Interview with Evan Dando by Andrew Murfett
From The Age, 29th September 2006
Dando detoxes with Lemons
Evan Dando was a mess. EG's Jo Roberts wrote that Dando's performance at the Hi-Fi Bar on August 2, 2003 was "one of the most shambolic and unprofessional ever staged by an international artist in Melbourne".
"The only thing I regret now is that everybody remembers it," Dando slurred recently from a rehearsal studio in Indianapolis, where he is preparing to take his most celebrated project, the Lemonheads, back on the road.
The 2003 tour, which featured local names such as Missy Higgins and You Am I's Davey Lane, created a furore among local music fans while also spawning deep concerns for Dando's health.
The infamous show also gave Dando a reputation as a washed-up druggie. A less volatile return show with Tim Rogers six months later failed to undo much of the damage.
"Life is like that," Dando says. "I'm a happy person. I guess other people have gone through more problems than I have with my drug problem. People just keep writing about it, and I really can't believe people are interested in that shit. You shouldn't talk about your personal life ... I was stupid at one point and that's one too many times."
This week Dando is preparing to release his first Lemonheads album since the excellent Car Button Cloth from 1996. Since he formed the Lemonheads 20 years ago in a Boston high school, the band has had a revolving cast of musical characters. "There's never been the same line-up," he says. "It's been me and whoever else is around."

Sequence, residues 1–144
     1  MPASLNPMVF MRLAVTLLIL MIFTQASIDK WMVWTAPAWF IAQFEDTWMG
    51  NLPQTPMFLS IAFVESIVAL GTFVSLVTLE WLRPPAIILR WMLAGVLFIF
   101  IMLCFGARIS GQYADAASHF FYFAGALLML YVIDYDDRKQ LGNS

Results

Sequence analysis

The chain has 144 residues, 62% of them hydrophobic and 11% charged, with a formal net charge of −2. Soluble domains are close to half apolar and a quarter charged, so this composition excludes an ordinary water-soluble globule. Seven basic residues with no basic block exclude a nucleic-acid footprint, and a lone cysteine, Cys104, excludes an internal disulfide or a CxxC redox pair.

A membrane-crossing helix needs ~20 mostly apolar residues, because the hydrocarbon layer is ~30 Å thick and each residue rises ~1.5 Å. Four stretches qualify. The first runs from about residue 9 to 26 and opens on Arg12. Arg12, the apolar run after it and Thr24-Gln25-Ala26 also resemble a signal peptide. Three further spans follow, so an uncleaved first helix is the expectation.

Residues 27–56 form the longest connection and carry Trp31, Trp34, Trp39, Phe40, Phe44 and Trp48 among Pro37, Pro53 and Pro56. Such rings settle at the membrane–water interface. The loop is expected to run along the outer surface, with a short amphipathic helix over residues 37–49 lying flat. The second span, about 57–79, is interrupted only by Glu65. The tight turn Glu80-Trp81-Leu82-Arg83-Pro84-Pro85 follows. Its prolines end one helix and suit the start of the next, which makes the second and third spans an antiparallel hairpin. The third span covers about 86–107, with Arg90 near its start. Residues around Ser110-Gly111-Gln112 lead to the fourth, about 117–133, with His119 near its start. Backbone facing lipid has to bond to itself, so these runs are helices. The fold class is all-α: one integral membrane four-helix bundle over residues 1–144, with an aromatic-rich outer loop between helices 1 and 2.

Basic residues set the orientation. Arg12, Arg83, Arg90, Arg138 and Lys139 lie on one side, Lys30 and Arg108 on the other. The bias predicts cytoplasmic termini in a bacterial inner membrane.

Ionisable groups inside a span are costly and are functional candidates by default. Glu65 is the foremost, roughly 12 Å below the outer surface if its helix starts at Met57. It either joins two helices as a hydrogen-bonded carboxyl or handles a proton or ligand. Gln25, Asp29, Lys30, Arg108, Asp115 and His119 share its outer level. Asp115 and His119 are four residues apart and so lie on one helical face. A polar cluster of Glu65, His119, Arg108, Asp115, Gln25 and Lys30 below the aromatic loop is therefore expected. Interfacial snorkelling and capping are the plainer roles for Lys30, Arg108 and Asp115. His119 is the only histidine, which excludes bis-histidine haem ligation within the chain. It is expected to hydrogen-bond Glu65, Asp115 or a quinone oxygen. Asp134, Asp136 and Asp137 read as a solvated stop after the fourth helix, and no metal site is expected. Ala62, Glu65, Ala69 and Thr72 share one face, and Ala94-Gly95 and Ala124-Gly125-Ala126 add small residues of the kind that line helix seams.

Apart from a two-year stretch in the late-1990s, Dando has continued to play Lemonheads songs at his solo shows. But it was a Brazilian festival a couple of years ago and young South American bands performing Lemonheads songs that motivated him to find a new line-up.
Bill Stevenson and Karl Alvarez, former members of the Descendents, were drafted for a South American tour. It was in Chile that Dando and Alvarez hatched the concept for the album.
"If it was going to be the Lemonheads, I knew the musicianship had to be better than in the past," Dando says. "We did the album in short bursts. It took us about a year and a half to do it."
One of the album's tracks, Rule of Three, came to Dando three years ago. He says it felt like a Lemonheads song from the start. The opening track, Black Gown, came to him in Melbourne while he was touring as part of the band MC5.
Dando says that despite the chaotic gigs of a few years ago, he still feels a strong affinity with Australia. A Lemonheads tour is tentatively planned for next February.
"I've been to Australia over 20 times," he says. "I love Melbourne. The last night I was in Australia, I was at Wally from the Meanies' house until five in the morning. I want my wife to come with me out there and try and talk her into living there."
When it's suggested that a night out until 5am is perhaps not the ideal selling point for a family, Dando, who lives in an apartment on Broadway, says that he is a long way from the haze of alcohol and drugs that plagued the Lemonheads through the 1990s, and which eventually led him to rehabilitation therapy.
"My wife likes to come on tour when she can," he says. "Falling in love is always a good thing. I don't go out to clubs every night ... I don't have to. We just hang out together and amuse ourselves. It's a very healthy influence."
Dando is even philosophical about his 1992 Simon and Garfunkel cover Mrs Robinson, which unwittingly became his band's biggest hit. "They asked us to do a film clip for the 25th anniversary of The Graduate on VHS and, yeah, it really got out of control because that wasn't what we wanted people to think of as our music. A lot of people eventually listened to the rest of the record. We got lucky."